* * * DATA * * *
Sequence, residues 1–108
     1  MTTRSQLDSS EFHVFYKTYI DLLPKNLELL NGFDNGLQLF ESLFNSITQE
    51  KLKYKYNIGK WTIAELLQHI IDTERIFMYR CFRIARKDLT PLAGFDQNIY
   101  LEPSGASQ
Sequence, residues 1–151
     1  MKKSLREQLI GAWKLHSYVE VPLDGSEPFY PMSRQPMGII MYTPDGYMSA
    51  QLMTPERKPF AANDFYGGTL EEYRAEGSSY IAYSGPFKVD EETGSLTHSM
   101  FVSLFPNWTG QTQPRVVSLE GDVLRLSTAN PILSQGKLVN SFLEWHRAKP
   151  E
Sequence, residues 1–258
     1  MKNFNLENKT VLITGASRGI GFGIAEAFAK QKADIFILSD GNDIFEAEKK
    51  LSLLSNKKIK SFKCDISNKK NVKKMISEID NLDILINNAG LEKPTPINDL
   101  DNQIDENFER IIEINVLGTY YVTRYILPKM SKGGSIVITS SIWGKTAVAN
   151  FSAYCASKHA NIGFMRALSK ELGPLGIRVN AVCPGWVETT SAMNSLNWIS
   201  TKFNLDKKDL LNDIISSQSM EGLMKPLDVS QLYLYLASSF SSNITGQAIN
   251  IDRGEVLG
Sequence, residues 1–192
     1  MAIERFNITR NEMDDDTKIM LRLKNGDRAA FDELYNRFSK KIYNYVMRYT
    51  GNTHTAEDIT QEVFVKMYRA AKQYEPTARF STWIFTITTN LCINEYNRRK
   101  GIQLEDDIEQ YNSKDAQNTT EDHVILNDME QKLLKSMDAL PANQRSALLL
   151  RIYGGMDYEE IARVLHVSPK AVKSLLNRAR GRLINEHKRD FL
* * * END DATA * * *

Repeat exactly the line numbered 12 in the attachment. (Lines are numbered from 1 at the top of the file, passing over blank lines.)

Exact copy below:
    51  LSLLSNKKIK SFKCDISNKK NVKKMISEID NLDILINNAG LEKPTPINDL